New parents should take turns going out on their own

12/19/2013 1:00 PM

12/21/2013 8:43 PM

DEAR ABBY: I have been married to my wife for a year and a half, and we have an infant child. I work while my wife stays home. My problem is she doesn’t like me playing sports and hanging out with friends.

I have tried to make concessions and cut down playing sports to once a week. (I used to play two or three times a week, but that’s not good enough for my wife.) On game night, when I get home she gives me the silent treatment. She used to come to my games but won’t now, even though she has girlfriends who attend them.

As for hanging out with my friends, I barely see them anymore, and when I do, they come here. If they stay any longer than 30 minutes, it causes a problem, and my wife again won’t talk to me for the rest of the night.

I have tried to compromise, but she feels as though any time I spend away from her and the baby is a no-no. Am I wrong to want to play sports and see my guy friends? I have tried talking to her about this, but she thinks any compromise is basically me doing what I want and her having to deal with it. — Ontario, Canada, Reader

DEAR READER:

You should not become a couch potato or become isolated from your friends because you are married and a parent. And neither should your wife. She may resent the time you spend with your friends because she’s stuck at home taking care of the baby. You are her only adult company, and in a way she may be jealous that you’re enjoying freedom that she can’t.

Your wife should not be doing all the parenting. One day or evening a week YOU should take care of the baby while SHE takes a break with her friends or family. It could do wonders for your relationship.

If you can agree on this, it could save your marriage. If you can’t, then the two of you should get counseling. Marriage isn’t supposed to put people in isolation, and that’s what it appears your wife is trying to accomplish with you.

Strife at holidays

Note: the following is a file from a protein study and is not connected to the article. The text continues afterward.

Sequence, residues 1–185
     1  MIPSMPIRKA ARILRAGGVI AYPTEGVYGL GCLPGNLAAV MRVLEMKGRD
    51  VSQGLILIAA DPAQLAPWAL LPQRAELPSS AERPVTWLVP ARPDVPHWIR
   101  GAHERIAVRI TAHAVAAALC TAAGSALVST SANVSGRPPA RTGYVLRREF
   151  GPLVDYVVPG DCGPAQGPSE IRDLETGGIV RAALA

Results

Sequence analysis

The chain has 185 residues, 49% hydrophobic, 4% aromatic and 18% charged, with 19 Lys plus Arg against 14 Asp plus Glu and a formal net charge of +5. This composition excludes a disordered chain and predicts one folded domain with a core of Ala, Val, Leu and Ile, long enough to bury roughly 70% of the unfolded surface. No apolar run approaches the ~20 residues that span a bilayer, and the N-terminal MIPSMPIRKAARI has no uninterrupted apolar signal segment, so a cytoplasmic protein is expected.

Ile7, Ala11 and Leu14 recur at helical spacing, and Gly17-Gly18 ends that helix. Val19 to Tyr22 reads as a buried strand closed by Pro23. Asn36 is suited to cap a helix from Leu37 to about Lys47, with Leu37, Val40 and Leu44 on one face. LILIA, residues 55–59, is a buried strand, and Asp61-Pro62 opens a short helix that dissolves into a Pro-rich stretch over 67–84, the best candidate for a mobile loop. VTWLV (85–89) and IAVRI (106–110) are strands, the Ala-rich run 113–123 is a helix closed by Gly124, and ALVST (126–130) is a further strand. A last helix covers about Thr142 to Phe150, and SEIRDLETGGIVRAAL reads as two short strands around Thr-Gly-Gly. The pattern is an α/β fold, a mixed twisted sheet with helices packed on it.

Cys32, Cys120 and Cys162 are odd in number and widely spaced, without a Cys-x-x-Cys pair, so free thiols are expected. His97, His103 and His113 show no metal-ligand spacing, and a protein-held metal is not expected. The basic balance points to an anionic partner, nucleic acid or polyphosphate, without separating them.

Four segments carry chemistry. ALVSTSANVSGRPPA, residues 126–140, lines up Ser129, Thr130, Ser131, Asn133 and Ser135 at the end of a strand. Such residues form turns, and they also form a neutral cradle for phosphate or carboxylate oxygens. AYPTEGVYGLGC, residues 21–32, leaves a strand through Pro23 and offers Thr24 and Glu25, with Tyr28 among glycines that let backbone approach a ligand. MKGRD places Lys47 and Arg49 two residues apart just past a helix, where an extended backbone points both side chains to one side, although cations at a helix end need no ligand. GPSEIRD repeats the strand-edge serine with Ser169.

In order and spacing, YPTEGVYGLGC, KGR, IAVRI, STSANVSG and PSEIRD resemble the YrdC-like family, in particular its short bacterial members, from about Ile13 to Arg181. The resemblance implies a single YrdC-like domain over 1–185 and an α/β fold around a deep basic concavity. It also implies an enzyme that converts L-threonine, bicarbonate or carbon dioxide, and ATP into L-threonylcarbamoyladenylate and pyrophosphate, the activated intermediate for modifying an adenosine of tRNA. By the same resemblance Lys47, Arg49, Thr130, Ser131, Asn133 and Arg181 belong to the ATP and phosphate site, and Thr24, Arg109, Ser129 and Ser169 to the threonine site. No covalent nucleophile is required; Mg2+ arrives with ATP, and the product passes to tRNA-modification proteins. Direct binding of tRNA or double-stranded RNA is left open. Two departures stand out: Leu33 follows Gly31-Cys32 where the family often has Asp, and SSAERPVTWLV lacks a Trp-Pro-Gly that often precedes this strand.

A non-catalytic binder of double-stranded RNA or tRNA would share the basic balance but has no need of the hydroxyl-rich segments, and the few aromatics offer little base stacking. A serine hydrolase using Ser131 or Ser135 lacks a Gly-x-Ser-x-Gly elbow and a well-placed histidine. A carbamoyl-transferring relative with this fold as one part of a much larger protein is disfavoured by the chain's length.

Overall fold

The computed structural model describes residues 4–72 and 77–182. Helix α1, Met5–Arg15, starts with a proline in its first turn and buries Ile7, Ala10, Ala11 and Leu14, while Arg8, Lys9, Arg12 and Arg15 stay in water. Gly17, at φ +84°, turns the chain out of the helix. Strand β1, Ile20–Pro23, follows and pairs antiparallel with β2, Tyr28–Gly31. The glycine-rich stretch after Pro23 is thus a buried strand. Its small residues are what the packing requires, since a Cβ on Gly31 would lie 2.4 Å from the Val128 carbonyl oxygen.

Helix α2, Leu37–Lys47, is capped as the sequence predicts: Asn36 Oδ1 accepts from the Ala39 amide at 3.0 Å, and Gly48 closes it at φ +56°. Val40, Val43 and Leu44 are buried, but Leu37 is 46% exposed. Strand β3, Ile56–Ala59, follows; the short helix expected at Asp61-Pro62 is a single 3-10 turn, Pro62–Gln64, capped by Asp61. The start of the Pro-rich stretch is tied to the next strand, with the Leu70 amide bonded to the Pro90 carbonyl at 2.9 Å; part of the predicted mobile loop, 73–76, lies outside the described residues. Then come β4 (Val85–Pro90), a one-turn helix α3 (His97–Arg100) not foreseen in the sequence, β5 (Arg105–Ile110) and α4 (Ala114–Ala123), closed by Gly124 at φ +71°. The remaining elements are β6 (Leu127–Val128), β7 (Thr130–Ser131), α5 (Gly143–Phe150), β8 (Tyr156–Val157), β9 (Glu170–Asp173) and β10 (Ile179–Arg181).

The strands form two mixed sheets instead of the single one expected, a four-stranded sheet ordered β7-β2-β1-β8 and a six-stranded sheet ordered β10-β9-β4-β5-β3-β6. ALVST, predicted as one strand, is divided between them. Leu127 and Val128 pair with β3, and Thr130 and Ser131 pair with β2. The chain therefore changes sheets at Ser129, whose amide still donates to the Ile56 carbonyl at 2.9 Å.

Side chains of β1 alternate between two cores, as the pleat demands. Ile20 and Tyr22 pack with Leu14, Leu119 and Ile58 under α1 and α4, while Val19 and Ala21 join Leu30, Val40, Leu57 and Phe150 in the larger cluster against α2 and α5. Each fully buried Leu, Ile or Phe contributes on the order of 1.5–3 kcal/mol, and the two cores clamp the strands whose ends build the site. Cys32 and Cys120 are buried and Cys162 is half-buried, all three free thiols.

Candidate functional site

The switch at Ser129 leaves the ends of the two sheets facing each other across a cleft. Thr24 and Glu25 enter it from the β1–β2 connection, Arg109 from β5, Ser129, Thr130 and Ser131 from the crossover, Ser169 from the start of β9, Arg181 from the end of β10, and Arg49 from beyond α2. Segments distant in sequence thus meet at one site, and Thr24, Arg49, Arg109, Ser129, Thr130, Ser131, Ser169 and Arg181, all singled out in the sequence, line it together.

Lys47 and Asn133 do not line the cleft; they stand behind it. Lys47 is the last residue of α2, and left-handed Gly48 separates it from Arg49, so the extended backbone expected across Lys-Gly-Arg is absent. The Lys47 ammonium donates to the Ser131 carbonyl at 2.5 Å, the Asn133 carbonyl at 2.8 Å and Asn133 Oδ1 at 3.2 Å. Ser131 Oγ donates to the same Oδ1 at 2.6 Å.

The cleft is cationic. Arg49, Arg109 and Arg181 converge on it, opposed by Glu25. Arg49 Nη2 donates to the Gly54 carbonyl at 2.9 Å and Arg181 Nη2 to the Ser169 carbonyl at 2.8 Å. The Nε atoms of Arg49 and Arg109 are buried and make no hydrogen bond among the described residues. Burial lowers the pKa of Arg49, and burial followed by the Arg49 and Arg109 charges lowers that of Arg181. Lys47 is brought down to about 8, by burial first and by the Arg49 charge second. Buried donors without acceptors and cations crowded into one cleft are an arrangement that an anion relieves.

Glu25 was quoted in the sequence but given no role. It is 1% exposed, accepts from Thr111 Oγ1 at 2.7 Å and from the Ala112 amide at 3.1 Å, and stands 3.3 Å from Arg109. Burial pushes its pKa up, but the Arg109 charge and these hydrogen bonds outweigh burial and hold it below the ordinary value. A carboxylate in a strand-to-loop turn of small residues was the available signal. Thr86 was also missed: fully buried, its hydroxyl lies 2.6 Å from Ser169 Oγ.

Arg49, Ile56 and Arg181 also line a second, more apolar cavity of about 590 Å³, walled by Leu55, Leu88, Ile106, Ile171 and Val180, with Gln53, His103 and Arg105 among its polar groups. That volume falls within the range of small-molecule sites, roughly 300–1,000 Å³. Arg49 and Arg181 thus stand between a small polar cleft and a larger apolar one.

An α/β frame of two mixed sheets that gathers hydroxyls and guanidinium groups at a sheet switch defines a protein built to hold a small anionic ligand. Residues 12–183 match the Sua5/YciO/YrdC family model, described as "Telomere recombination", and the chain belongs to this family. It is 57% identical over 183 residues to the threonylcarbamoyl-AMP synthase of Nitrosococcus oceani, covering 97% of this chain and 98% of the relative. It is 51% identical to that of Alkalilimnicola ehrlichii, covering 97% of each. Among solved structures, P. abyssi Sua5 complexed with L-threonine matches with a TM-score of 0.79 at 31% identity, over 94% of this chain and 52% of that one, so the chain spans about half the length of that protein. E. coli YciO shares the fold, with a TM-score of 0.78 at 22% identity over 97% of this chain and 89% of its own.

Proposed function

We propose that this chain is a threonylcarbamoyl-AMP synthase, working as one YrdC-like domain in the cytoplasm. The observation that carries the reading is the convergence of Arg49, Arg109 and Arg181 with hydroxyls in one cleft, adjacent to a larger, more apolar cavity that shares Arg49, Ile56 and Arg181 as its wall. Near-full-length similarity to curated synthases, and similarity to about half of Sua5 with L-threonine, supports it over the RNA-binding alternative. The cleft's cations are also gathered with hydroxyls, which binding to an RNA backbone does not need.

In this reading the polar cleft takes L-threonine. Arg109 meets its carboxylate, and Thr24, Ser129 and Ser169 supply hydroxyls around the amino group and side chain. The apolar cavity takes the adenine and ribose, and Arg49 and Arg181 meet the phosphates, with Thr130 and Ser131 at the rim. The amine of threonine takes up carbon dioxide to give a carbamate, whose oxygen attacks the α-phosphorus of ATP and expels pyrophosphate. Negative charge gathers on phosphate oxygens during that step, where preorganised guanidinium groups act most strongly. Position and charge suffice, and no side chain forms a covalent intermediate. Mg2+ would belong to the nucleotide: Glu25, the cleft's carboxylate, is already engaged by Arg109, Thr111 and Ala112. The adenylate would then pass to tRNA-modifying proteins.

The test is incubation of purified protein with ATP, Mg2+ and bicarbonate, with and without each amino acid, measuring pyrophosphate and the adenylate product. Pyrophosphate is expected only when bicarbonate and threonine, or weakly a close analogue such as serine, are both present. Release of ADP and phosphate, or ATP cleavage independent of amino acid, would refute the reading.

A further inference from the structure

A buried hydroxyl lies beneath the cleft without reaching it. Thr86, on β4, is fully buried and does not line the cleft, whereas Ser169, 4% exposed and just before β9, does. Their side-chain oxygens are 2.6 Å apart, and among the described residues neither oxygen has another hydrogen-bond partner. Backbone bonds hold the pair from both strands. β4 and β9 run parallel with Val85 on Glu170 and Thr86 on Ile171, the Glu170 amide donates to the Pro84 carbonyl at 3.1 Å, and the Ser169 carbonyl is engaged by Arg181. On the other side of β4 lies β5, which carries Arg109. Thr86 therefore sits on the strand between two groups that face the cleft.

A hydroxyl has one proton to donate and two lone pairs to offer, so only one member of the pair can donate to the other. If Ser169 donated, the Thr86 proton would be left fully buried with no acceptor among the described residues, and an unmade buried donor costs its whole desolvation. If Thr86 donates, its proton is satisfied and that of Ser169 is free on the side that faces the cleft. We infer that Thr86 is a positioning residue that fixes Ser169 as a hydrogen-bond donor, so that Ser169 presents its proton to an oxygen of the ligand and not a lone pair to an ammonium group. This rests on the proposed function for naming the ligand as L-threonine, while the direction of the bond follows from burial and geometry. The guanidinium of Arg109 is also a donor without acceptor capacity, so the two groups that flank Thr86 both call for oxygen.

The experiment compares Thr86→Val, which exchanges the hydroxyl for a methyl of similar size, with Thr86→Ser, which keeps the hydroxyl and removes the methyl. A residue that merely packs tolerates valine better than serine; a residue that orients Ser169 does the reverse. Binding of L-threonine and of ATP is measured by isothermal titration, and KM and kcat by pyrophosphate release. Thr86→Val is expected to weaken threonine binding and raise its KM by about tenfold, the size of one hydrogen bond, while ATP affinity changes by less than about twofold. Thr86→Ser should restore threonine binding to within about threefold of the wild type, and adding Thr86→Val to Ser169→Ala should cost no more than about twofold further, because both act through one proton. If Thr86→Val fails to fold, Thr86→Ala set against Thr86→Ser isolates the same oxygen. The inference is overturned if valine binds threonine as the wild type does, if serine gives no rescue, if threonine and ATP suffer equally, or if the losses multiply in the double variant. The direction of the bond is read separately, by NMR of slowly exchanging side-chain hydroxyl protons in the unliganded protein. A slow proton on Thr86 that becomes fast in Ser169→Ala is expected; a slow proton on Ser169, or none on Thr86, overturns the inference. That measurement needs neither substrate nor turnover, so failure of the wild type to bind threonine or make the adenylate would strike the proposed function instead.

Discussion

DEAR ABBY: For the past 10 years, the holiday season has brought with it arguments between my wife and me. We both get along with our in-laws and do many things with both sides of our families. But for some reason, my wife makes arrangements for the holidays without discussing them with me first. This year, she told her mom that we would host Thanksgiving and that I would have to tell my family we wouldn’t be coming to them.

My wife’s sisters are not close to their in-laws. Am I wrong to think she should have discussed the matter with me before deciding unilaterally what we’re doing for the holidays? Our kids need to see ALL their grandparents on Thanksgiving and Christmas. Oh — our parents live only seven minutes from each other. — Holiday Blues in Wisconsin

DEAR HOLIDAY BLUES:

What your wife did was inconsiderate. You are a couple, and she should have discussed her plan with you before issuing any invitations to see if you were in agreement. If your home is too small to accommodate both sets of in-laws at the same time, a compromise would be to alternate holidays with each set so no family feels excluded.

Wedding attire

DEAR ABBY: Is it acceptable to wear a silver dress to a wedding if you are going as a guest and not a member of the bridal party? Or is silver too close to white and therefore taboo? — Invitee in College Park, Md.

DEAR INVITEE:

The rule is that wedding guests should not wear anything that might distract attention from the bride. If your dress is silver lame or covered in silver sequins, it would be better to dress less conspicuously.

© Universal Uclick 12/20

Videos

Join the Discussion

The Kansas City Star is pleased to provide this opportunity to share information, experiences and observations about what's in the news. Some of the comments may be reprinted elsewhere on the site or in the newspaper. We encourage lively, open debate on the issues of the day, and ask that you refrain from profanity, hate speech, personal comments and remarks that are off point. Thank you for taking the time to offer your thoughts.

Terms of Service